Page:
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Rangers' Mats Zuccarello lost ability to speak after getting hit in head by puck

New York Rangers right wing Mats Zuccarello cleans

New York Rangers right wing Mats Zuccarello cleans out his locker and talks to the media on Monday, June 1, 2015, at the MSG Training Center after being eliminated from the playoffs by the Tampa Bay Lighting. Credit: Andrew Theodorakis

GREENBURGH, N.Y. - Rangers forward Mats Zuccarello lost the ability to speak for four days and suffered a skull fracture and bleeding in his brain after getting hit in the head by a puck in the first round of the playoffs.

The extent of the scary injury wasn't revealed until Monday as the Rangers bade farewell to the 2014-15 season in their breakup day at the team's training facility.

"I was in the hospital for three days," Zuccarello said. "I couldn't talk for a while, had a contusion, some blood in my brain. That affects a lot. Now I go to speech therapy. I'm getting much better. I couldn't say a word for four days. I feel much better."

It already was common knowledge how much the Rangers missed Zuccarello during their playoff run, which ended on Friday night, one win short of the Stanley Cup Final. That Zuccarello's symptoms went far beyond the usual sort of hockey injury went public after he spoke for the first time since being hit on the side of the head by teammate Ryan McDonagh's shot in the series-clinching Game 5 against the Pittsburgh Penguins on April 24.

Zuccarello, 27, said he also lost some feeling in his arm after the injury, but that has returned.

"It was scary," he said, "but the doctors were really good and made sure I knew that I was going to be healthy. After a while, I was just happy to recover quickly."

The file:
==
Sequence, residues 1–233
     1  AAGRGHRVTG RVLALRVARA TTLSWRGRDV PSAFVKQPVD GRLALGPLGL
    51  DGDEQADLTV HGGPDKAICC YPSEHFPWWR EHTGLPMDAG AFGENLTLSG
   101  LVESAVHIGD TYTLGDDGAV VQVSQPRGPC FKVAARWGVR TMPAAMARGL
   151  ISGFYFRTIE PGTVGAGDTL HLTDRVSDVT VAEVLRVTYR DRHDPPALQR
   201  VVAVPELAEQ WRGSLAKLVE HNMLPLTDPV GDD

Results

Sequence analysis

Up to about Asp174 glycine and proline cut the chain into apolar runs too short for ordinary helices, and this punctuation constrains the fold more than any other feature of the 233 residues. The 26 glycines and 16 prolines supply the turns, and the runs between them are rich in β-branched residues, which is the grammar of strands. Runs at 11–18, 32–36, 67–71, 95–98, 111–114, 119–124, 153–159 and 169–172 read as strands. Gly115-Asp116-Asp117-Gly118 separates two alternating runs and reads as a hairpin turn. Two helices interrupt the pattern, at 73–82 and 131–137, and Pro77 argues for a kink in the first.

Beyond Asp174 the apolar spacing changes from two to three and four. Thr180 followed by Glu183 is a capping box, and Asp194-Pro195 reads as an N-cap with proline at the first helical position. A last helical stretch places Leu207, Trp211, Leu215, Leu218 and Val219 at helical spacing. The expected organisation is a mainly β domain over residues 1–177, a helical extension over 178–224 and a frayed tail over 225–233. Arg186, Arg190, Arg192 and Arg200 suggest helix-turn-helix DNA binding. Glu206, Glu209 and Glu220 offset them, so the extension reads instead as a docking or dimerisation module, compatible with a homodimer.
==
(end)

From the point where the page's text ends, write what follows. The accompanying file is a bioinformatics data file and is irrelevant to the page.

Zuccarello, who started skating again during the Eastern Conference finals, said doctors told him he will be ready for next season's training camp.

"I'm going to be getting better and better," he said. "It will still take longer to recover but come the season time next time, I should be ready to go."

McDonagh, who was on crutches and in a walking boot Monday because of the broken right foot on which he played the last three-plus games, visited Zuccarello in the hospital immediately after the April 24 incident.

"Nobody knew what was going on the night of," McDonagh said. "After the game, I went to our trainer and asked where he was and he said he was in the hospital and I went with our doc to see him. It was not a very good sight for sure. You don't want to see your teammate in a hospital bed, wires going every which way, making sure that he's OK.

"You wanted to try to communicate with him, but it was a challenge for him. It was tough to see a very close friend and a big part of our team go down that way, in that fashion. We sorely missed him for sure in the playoffs."

Even if the Rangers had advanced to the Cup Final, Zuccarello likely would not have been available, coach Alain Vigneault said.

"It was a huge blow to our team, there's no doubt," he said. "Mats is the type of player that plays five-on-five, can kill penalties, can play power play. Sometimes he's almost a guy that gets that little ball of energy going on the ice that starts some things that you need. So his minutes are very tough to replace.

"We never really thought that he would come back, but I think for our group, it was important for them to know that he might come back because he is such a likable young man that we always kept it out there that he's close and improving. And he was improving and he was getting better. But I think it would have been a real long, long shot for him to play."

With Neil Best

New York Sports